Conversion deception blamed on Netanyahu

JERUSALEM — Conservative and Reform leaders Monday accused Prime Minister Benjamin Netanyahu and the religious parties of pulling the wool over everyone's eyes by insisting non-Orthodox conversions performed abroad are being recognized in Israel.

The non-Orthodox leaders say the Interior Ministry for several months has refused to register as Jews people who studied under Reform or Conservative auspices here and were later converted by non-Orthodox rabbinical courts abroad.

"In practice, it is not true," Rabbi Ehud Bandel, president of the Conservative movement in Israel, said of the assurances given to diaspora Jewry that non-Orthodox conversions are being recognized.

The assurances have been given in connection with the conversion bill, which would specify that only the Chief Rabbinate would have the power to rule on the validity of conversions to Judaism in Israel. Netanyahu, and the religious parties, insist the legislation would not "disenfranchise" the Conservative and Reform movements abroad.

"I can understand Netanyahu has an interest in saying that the status quo is that those converted abroad are registered as Jews, but it is simply not true," said Rabbi Uri Regev, head of the Israel Religious Action Center, a Reform entity.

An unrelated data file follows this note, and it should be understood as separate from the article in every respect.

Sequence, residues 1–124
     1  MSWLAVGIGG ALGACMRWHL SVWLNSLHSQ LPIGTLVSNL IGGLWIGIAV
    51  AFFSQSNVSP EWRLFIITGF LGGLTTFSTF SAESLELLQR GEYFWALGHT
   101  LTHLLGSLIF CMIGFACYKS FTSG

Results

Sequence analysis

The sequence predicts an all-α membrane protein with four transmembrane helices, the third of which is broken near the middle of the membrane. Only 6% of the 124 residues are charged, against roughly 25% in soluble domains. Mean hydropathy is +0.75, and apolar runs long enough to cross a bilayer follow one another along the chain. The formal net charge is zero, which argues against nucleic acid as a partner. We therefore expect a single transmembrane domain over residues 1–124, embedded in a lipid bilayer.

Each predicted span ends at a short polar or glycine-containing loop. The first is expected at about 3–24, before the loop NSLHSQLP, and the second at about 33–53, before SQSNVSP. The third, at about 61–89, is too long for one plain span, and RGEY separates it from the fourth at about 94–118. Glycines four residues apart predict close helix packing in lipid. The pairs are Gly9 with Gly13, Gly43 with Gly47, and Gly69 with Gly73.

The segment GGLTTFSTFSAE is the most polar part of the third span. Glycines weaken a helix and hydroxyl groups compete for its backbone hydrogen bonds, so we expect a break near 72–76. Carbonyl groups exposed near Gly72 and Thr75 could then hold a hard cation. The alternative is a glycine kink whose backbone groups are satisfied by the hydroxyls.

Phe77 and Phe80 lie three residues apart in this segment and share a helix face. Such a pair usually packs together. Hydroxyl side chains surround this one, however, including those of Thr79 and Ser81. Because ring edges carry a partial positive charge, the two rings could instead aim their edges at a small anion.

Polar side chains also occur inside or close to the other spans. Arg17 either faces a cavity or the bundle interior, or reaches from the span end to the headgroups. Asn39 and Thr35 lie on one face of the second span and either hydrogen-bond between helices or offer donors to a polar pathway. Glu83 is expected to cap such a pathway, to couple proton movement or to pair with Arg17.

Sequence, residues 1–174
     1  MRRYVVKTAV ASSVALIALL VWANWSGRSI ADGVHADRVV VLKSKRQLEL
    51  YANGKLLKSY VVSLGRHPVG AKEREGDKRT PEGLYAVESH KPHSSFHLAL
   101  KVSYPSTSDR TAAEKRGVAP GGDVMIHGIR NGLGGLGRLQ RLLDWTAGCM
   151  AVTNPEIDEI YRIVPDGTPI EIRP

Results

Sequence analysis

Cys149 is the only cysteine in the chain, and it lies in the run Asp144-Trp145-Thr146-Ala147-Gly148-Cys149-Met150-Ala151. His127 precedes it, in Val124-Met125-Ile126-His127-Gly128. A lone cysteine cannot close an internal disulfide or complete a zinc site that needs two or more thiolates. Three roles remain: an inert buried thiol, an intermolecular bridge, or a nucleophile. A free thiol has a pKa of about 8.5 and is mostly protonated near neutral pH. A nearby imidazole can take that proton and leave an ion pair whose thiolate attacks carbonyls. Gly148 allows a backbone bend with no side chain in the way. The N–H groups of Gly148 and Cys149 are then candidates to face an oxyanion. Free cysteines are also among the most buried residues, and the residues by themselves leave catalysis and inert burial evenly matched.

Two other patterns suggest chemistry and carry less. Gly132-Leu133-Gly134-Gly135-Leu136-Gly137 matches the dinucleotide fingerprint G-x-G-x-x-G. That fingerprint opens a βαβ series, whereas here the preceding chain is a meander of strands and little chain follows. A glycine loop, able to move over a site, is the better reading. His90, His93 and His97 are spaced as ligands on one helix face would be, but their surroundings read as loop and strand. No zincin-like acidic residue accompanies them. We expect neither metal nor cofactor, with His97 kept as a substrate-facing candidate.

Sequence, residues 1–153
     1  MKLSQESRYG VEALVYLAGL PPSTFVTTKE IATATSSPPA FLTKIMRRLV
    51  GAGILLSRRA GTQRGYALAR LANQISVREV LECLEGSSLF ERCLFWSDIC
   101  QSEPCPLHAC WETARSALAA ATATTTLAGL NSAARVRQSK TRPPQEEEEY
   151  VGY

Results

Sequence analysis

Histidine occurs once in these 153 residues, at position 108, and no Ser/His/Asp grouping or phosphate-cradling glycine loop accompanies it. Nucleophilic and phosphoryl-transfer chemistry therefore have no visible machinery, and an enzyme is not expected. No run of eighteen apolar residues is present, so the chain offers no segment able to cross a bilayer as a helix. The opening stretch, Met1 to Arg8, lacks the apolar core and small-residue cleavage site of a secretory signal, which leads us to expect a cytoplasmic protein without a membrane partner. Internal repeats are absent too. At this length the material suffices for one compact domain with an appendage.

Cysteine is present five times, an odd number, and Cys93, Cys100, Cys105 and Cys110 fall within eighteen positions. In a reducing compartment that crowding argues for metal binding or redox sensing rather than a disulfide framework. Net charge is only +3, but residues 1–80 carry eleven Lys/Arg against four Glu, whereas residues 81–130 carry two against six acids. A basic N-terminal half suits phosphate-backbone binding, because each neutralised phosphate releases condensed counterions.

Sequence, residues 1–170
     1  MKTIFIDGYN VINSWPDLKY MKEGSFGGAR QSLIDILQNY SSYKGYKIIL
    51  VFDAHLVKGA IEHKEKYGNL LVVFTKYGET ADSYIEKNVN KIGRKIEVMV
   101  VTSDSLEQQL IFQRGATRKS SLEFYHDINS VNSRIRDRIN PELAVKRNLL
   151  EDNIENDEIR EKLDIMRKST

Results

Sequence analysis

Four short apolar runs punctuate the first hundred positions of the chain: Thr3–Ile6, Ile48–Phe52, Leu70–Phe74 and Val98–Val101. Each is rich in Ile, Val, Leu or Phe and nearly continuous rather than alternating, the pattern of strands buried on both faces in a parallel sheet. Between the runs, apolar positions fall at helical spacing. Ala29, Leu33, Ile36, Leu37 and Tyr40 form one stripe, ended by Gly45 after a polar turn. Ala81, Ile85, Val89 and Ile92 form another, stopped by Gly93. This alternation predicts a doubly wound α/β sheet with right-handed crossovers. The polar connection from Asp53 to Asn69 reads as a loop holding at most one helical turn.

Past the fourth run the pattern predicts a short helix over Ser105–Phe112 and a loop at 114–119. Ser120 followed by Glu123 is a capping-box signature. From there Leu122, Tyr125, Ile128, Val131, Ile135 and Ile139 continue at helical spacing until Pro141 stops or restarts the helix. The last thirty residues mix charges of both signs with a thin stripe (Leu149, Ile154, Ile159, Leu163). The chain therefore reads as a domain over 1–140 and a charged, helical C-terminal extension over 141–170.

Regev said that for years, the Interior Ministry registered as Jews those who had studied under Conservative or Reform auspices and then went abroad for the actual conversion. Halachically, he added, the actual conversion is a very short event. Now, he said, the Interior Ministry won't even extend the visas of non-Jews studying at non-Orthodox conversion institutes.

Regev noted that although the High Court has ruled that those converted abroad must be registered as Jews, the IRAC now has two relevant petitions before the High Court.

One is on behalf of two infants who were adopted by Israeli couples and converted by a Liberal rabbinical court in London before being brought to Israel. The other is on behalf of a woman who lived and studied in Israel and was then converted by the same rabbinical court.

In both cases, the Interior Ministry refused to register the converts as Jews, he said.

Regev also condemned as outright lies the recurrent accusations by members of the religious establishment that the Reform movement in Israel carried out "conversions by fax" or any other form of fictitious conversion. On the contrary, he said, all of the charges of quickie conversions, fraudulent conversion, or corruption in the conversion process have related to Orthodox conversions.